211.5(k), 211.24(f), and 225.4(f); FDIC: 12 CFR part 353; NCUA: 12 
CFR part 748; OCC: 12 CFR 21.11; OTS: 12 CFR 563.180; and FinCEN: 31 
CFR 103.18. Refer also to the Federal Financial Institutions 
Examination Council Bank Secrecy Act/Anti-Money Laundering 
Examination Manual (Revised April 29, 2010) to review the general 
criteria, but note that instructions on filing a SAR through the 
Financial Crime Enforcement Network (FinCEN) of the Department of 
the Treasury are attached to the SAR form. The SAR form is available 
on FinCEN's Web site.
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Appendix A--Appraisal Exemptions

    Under Title XI of FIRREA, the Agencies were granted the authority 
to identify categories of real estate-related financial transactions 
that do not require the services of an appraiser to protect Federal 
financial and public policy interests or to satisfy principles of safe 
and sound lending. Therefore, in their appraisal regulations, the 
Agencies identified certain real estate-related financial transactions 
that do not require the services of an appraiser and that are exempt 
from the appraisal requirement. This appendix provides further 
clarification on the application of these regulatory exemptions and 
should be read in the context of each Agency's appraisal regulation. If 
an institution has a question as to whether a particular transaction 
qualifies for an exemption, the institution should seek guidance from 
its primary Federal regulator. For those transactions qualifying for 
the appraisal threshold, existing extensions of credit, or the business 
loan exemptions, an institution is exempted from the appraisal 
requirement, but still must, at a minimum, obtain an evaluation 
consistent with these Guidelines.\53\
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    \53\ NCUA's regulations do not provide an exemption from the 
appraisal requirements specific to member business loans.
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1. Appraisal Threshold

    For transactions with a transaction value equal to or less than 
$250,000, the Agencies' appraisal regulations, at a minimum, require an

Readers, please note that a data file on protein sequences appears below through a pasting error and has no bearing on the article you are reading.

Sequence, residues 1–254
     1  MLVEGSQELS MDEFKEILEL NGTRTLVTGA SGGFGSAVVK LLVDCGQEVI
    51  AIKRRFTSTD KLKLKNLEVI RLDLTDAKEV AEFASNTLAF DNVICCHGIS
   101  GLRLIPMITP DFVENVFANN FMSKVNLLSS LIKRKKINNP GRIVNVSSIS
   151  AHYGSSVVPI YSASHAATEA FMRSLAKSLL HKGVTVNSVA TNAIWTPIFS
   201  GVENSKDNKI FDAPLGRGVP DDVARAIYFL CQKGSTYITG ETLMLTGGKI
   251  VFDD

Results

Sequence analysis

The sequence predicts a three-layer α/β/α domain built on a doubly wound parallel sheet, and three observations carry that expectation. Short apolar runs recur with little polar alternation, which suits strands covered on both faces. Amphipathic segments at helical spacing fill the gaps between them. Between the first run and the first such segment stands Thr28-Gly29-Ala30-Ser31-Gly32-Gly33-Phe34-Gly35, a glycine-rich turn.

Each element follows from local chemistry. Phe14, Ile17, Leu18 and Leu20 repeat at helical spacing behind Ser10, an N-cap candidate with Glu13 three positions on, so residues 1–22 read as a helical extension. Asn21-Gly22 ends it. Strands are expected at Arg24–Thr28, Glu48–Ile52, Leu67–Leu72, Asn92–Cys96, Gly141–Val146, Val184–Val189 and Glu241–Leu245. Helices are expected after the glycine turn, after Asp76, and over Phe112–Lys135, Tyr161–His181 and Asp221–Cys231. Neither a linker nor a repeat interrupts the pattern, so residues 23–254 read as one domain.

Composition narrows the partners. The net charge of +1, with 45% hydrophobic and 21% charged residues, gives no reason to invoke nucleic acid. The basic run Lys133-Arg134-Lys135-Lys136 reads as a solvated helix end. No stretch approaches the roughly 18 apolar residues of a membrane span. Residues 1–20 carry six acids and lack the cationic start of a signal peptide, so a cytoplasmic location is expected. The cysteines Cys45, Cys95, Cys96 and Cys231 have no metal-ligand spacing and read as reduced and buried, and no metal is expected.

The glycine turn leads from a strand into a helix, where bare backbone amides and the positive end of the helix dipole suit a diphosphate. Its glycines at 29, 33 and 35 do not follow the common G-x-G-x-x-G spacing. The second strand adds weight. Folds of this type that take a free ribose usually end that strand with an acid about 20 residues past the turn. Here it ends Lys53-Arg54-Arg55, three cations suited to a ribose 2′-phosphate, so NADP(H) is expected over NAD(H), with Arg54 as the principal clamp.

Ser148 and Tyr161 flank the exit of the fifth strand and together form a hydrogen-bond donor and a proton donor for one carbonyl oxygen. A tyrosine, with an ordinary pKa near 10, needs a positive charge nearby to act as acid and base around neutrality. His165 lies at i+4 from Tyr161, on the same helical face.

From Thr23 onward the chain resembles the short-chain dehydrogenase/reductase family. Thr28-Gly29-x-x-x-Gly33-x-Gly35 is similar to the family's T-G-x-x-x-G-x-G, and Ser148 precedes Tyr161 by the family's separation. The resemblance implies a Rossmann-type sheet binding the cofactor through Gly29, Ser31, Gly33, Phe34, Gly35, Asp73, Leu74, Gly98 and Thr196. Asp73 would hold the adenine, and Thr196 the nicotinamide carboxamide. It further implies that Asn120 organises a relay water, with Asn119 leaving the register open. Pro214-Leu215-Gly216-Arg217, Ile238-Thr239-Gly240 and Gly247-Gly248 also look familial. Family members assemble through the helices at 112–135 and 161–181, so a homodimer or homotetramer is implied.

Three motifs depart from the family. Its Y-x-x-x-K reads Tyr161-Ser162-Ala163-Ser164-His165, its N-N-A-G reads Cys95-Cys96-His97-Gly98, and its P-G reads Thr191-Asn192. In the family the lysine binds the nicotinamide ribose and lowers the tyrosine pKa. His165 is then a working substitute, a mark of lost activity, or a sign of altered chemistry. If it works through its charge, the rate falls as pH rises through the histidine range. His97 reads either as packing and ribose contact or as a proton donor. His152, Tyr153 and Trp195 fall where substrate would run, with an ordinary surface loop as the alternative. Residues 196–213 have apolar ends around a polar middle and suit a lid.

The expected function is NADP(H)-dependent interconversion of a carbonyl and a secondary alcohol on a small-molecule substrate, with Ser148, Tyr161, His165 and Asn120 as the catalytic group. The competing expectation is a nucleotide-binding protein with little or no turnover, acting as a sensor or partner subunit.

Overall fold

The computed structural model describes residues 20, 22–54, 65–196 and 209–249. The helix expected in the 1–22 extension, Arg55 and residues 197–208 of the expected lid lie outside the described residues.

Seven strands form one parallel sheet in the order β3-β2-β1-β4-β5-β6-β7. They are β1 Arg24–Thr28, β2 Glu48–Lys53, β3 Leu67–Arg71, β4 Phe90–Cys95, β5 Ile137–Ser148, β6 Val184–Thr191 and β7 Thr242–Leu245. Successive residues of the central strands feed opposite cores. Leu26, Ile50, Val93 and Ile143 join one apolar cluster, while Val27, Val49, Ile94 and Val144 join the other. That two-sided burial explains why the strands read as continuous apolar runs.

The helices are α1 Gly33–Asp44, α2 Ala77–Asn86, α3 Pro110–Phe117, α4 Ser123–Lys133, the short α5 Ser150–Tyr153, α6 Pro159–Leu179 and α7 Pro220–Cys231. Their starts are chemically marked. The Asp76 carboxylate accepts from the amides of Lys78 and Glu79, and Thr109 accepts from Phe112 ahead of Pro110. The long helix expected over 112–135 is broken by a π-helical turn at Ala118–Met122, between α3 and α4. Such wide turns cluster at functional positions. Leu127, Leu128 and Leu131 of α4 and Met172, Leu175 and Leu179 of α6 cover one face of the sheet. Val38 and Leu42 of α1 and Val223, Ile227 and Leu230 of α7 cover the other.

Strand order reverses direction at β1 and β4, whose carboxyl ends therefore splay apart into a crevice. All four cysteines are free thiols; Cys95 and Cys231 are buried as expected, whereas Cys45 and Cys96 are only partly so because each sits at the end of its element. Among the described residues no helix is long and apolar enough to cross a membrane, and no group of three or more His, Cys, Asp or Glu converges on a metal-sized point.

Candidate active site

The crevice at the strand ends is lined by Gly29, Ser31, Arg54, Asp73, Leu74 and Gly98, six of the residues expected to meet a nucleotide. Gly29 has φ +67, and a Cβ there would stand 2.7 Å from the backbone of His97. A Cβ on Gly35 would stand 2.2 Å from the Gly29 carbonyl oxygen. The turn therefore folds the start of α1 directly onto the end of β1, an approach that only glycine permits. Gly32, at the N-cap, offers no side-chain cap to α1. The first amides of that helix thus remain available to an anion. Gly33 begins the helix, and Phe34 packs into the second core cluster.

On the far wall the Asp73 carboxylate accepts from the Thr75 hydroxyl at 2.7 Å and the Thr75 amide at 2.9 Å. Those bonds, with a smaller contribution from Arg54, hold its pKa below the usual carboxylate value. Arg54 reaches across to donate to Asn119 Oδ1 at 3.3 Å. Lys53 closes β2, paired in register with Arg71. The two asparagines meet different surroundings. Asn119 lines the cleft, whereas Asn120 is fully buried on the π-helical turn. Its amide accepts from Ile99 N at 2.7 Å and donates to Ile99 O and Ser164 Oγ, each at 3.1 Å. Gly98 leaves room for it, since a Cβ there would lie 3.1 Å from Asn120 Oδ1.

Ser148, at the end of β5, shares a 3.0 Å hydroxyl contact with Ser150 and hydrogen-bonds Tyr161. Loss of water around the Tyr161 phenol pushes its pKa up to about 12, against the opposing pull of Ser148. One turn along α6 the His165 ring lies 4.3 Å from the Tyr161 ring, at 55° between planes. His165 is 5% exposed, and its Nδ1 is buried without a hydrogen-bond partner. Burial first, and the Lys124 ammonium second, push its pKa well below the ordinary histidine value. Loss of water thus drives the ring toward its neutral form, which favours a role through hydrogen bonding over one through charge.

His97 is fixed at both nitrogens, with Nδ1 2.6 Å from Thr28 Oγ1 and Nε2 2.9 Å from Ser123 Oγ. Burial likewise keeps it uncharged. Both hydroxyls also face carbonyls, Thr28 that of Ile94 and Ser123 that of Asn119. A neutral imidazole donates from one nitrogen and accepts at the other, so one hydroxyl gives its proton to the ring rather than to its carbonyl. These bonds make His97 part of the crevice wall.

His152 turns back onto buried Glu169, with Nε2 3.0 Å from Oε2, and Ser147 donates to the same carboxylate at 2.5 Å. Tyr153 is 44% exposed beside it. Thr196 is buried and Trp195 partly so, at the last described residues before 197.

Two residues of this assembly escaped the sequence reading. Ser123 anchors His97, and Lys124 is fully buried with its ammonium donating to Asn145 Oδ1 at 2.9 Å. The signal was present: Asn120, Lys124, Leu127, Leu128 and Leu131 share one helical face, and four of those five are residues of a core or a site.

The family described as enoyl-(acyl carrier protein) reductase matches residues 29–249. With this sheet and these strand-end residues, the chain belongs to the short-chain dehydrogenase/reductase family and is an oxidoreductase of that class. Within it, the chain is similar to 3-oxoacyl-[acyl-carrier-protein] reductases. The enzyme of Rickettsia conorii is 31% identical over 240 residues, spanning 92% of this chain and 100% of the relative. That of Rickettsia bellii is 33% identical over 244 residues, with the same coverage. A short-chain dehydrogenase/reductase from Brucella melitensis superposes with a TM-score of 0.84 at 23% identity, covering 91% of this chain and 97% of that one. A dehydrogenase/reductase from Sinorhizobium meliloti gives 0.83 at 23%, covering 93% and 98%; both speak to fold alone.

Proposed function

evaluation consistent with safe and sound banking practices.\54\ If an 
institution enters into a transaction that is secured by several 
individual properties that are not part of a tract development, the 
estimate of value of each individual property should determine whether 
an appraisal

[[Page 77466]]

or evaluation would be required for that property. For example, an 
institution makes a loan secured by seven commercial properties in 
different markets with two properties valued in excess of the appraisal 
threshold and five properties valued less than the appraisal threshold. 
An institution would need to obtain an appraisal on the two properties 
valued in excess of the appraisal threshold and evaluations on the five 
properties below the appraisal threshold, even though the aggregate 
loan commitment exceeds the appraisal threshold.
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    \54\ NCUA's appraisal regulation requires a written estimate of 
market value, performed by a qualified and experienced person who 
has no interest in the property, for transactions equal to or less 
than the appraisal threshold and transactions involving an existing 
extension of credit. 12 CFR 722.3(d).
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2. Abundance of Caution

    An institution may take a lien on real estate and be exempt from 
obtaining an appraisal if the lien on real estate is taken by the 
lender in an abundance of caution. This exemption is intended to have 
limited application, especially for real estate loans secured by 
residential properties in which the real estate is the only form of 
collateral. In order for a business loan to qualify for the abundance 
of caution exemption, the Agencies expect the extension of credit to be 
well supported by the borrower's cash flow or collateral other than 
real property. The institution's credit analysis should verify and 
document the adequacy and reliability of these repayment sources and 
conclude that knowledge of the market value of the real estate on which 
the lien will be taken as an abundance of caution is unnecessary in 
making the credit decision.
    An institution should not invoke the abundance of caution exemption 
if its credit analysis reveals that the transaction would not be 
adequately secured by sources of repayment other than the real estate, 
even if the contributory value of the real estate collateral is low 
relative to the entire collateral pool and other repayment sources. 
Similarly, the exemption should not be applied to a loan or loan 
program unless the institution verifies and documents the primary and 
secondary repayment sources. In the absence of verification of the 
repayment sources, this exemption should not be used merely to reduce 
the cost associated with obtaining an appraisal, to minimize 
transaction processing time, or to offer slightly better terms to a 
borrower than would be otherwise offered.
    In addition, prior to making a final commitment to the borrower, 
the institution should document and retain in the credit file the 
analysis performed to verify that the abundance of caution exemption